Journalistic ethics (part 2)
My last blog began with a reference to Jeremy Paxman, who gave the annual MacTaggart Lecture in 2007.
This year's MacTaggart Lecture at the Edinburgh International Television Festival was given by James Murdoch. Nine years previously, in an Alternative MacTaggart Lecture on media globalisation James had argued that there will eventually be four major language groups - Mandarin Chinese, English, Spanish and Hindi. In 2000 he had said: The last decade of media industry navel-gazing seems to me to have been dominated by two major themes. The first one is that the era of "Big Media" - consolidated, multi-national, multi-service corporate powerhouses - has ushered in a rash of exploitative, lowest common-denominator content that is destroying the cultures in which it is disseminated. The second is that the Internet has changed everything, resulting in new vs. old paranoiac fantasies about every traditional media firm suffering the same fate as Time Warner, that of being gobbled up.
Murdoch's views about the Internet have become a major concern in media circles. In Friday's lecture James went further, saying that Britain has outdated thinking when it comes to broadcasting and the media - we have, as he put it in a trite and well-worn phrase, analogue attitudes in a digital age. His speech was seen as a direct attack on the BBC and its dominant position in the UK, as well as on the media regulator Ofcom. The lecture was the headline item in BBC2's Newsnight programme that evening. It is fairly obvious that Murdoch sees the BBC as potentially thwarting News Corp's UK ambitions to charge for online content.
Murdoch's lecture ended with a rhetorical flourish: people value honest, fearless, and above all independent news coverage that challenges the consensus. There is an inescapable conclusion that we must reach if we are to have a better society. The only reliable, durable, and perpetual guarantor of independence is profit.
The trouble with Murdoch's thesis is that it is totally false, as is comprehensively demonstrated by the abject failure of journalism in the United States to stand up to, and scrutinise, big business. Financially powerful corporate interests, for example drug companies and health insurers, by dint of influence on major media players and politicians, have effectively stifled debate on meaningful health care reform. And it's not as if the Murdochs aren't aware of this fact, as Fox is one of the biggest and most pliable outlets when it comes to corporate influence peddling.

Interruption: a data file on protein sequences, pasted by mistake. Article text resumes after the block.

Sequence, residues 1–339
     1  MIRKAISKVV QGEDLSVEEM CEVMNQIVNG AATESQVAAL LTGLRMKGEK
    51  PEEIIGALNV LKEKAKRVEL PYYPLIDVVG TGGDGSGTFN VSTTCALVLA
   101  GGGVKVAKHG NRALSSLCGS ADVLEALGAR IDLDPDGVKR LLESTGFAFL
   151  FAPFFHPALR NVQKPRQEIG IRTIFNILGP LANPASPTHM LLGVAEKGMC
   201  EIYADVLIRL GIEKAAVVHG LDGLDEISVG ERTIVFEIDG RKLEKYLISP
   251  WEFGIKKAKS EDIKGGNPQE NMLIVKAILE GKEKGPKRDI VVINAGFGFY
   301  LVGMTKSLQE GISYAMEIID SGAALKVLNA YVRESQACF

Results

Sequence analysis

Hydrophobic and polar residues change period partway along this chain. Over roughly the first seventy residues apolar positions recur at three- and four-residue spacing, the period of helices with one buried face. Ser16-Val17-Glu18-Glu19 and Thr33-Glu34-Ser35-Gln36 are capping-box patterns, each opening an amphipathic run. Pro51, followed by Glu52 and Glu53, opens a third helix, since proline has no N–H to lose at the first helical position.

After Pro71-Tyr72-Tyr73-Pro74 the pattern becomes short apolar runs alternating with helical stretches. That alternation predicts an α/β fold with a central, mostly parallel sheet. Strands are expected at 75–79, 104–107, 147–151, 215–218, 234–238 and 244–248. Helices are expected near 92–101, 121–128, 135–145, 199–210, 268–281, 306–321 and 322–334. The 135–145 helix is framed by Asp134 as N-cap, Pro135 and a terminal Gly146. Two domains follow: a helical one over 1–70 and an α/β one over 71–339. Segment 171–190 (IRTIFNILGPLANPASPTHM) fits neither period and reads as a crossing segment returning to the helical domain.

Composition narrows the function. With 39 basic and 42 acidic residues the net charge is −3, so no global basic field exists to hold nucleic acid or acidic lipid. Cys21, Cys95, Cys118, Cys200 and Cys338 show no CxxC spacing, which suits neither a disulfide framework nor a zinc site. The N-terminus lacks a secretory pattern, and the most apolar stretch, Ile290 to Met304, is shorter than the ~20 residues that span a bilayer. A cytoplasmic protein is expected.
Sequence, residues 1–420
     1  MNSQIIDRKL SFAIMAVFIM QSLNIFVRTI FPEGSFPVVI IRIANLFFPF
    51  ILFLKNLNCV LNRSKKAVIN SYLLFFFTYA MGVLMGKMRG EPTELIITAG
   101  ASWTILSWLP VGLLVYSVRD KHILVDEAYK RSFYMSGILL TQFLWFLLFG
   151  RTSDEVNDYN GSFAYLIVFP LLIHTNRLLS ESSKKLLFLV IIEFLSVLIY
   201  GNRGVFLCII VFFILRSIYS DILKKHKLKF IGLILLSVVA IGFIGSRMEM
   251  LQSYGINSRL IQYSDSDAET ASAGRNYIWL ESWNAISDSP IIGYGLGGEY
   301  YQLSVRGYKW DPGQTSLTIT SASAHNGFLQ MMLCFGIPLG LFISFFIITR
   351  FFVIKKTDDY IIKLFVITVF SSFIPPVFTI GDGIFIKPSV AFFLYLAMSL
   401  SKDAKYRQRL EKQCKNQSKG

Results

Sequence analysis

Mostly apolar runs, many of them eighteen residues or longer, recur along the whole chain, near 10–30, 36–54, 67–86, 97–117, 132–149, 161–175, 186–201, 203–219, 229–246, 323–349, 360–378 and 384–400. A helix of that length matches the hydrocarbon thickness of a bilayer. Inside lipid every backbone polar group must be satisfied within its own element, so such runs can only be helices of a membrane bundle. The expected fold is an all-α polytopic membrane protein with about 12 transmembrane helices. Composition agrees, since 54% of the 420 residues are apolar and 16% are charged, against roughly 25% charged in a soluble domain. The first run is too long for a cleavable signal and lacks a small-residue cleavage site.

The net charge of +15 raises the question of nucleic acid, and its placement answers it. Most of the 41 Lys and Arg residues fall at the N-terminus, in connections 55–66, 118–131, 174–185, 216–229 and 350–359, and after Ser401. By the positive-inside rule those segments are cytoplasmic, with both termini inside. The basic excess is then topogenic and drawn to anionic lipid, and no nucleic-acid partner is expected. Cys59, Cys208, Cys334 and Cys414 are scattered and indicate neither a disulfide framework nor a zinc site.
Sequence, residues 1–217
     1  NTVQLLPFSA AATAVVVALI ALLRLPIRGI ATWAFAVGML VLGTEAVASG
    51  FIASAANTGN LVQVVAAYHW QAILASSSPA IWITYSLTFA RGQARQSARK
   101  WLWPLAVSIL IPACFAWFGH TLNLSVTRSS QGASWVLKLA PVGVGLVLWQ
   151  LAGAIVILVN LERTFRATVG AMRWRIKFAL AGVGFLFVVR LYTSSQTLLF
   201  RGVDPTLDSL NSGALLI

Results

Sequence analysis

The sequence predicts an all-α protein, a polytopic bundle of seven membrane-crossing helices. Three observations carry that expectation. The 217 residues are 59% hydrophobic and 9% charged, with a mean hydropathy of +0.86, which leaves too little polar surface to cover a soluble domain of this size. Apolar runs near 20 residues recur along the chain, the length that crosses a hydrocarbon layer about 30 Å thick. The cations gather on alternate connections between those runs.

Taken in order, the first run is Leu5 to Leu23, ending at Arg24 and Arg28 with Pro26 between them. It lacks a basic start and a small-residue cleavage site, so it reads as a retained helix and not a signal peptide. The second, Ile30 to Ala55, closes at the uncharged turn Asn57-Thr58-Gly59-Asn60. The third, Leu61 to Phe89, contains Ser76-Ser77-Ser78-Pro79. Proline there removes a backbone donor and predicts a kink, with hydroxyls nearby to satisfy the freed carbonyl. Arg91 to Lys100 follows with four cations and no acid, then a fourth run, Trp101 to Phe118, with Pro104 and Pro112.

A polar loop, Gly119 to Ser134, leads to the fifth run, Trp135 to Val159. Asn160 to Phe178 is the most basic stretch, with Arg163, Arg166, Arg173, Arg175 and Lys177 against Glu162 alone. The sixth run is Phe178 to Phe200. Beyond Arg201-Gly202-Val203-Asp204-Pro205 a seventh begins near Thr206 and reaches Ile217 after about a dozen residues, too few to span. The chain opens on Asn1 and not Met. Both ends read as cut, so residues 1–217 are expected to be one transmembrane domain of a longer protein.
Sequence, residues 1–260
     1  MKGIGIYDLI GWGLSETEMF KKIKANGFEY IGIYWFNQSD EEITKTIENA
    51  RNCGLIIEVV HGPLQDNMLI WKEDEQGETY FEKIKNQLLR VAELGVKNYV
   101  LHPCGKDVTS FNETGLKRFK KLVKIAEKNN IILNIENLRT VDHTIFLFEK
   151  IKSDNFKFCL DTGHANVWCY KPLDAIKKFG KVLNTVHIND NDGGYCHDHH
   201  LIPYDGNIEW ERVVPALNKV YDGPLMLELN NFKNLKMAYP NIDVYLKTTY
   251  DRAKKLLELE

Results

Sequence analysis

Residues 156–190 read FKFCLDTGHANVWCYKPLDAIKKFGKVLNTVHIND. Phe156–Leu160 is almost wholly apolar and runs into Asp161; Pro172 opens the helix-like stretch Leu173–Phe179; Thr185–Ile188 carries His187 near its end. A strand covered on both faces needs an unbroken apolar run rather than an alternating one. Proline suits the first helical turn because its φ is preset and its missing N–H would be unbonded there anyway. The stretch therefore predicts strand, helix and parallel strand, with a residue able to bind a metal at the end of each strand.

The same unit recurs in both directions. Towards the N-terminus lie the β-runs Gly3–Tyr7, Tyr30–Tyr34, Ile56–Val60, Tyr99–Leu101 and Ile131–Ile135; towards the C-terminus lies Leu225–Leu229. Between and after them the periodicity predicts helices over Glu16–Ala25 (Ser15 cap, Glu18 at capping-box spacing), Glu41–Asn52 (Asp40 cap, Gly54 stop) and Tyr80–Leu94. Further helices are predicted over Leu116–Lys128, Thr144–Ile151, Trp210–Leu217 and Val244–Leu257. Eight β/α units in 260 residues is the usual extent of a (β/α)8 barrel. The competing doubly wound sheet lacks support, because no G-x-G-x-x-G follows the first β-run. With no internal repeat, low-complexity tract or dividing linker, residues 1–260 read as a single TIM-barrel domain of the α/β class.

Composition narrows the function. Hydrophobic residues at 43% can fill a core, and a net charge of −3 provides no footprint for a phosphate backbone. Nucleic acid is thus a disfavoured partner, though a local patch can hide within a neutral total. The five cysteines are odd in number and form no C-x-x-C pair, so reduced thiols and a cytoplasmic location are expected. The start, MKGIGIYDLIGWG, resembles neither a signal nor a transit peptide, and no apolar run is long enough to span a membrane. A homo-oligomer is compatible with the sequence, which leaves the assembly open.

This blog is primarily concerned with the failure of the BBC to keep to its own principles on diversity and inclusiveness in the Newsround children's daily news programme. On 28 October 2008 I mentioned last year's California Proposition 8 debate. I said: This is a golden opportunity to acquaint Newsround viewers with the debate, and it might go some way to make up for the dearth of coverage of LGBT issues on BBC children's TV. A few days later an American commentator who works for NBC, Keith Olbermann, delivered a striking and heartfelt polemic against the bigotry represented by Proposition 8:
How could a person expressing such noble views be nobbled by big business? The answer is the ownership of media companies by big corporations such as News Corp and General Electric. One of Olbermann's favoured bugbears was a Fox commentator called Bill O'Reilly and associated journalistic malpractice by the Fox news channel. O'Reilly was, by the way, one of the instigators of the kerfuffle (blog 25 June 2008) about the Heinz Deli Mayo advert in the UK.
Fox News and their O'Reilly fought back by attacking NBC's owners General Electric - over its supposed business involvements in Iran. Olbermann's withering criticism was obviously hurting them. The collateral damage became too much for GE, so Olbermann was effectively muzzled by a deal between Rupert Murdoch at Fox and GE, exposed later by Brian Stelter from the New York Times. What's the betting that Rupert himself was the instigator of O'Reilly's fight-back tactics? But that's a minor issue; what this shows is how a seasoned and otherwise principled commentator was nobbled in the free market USA.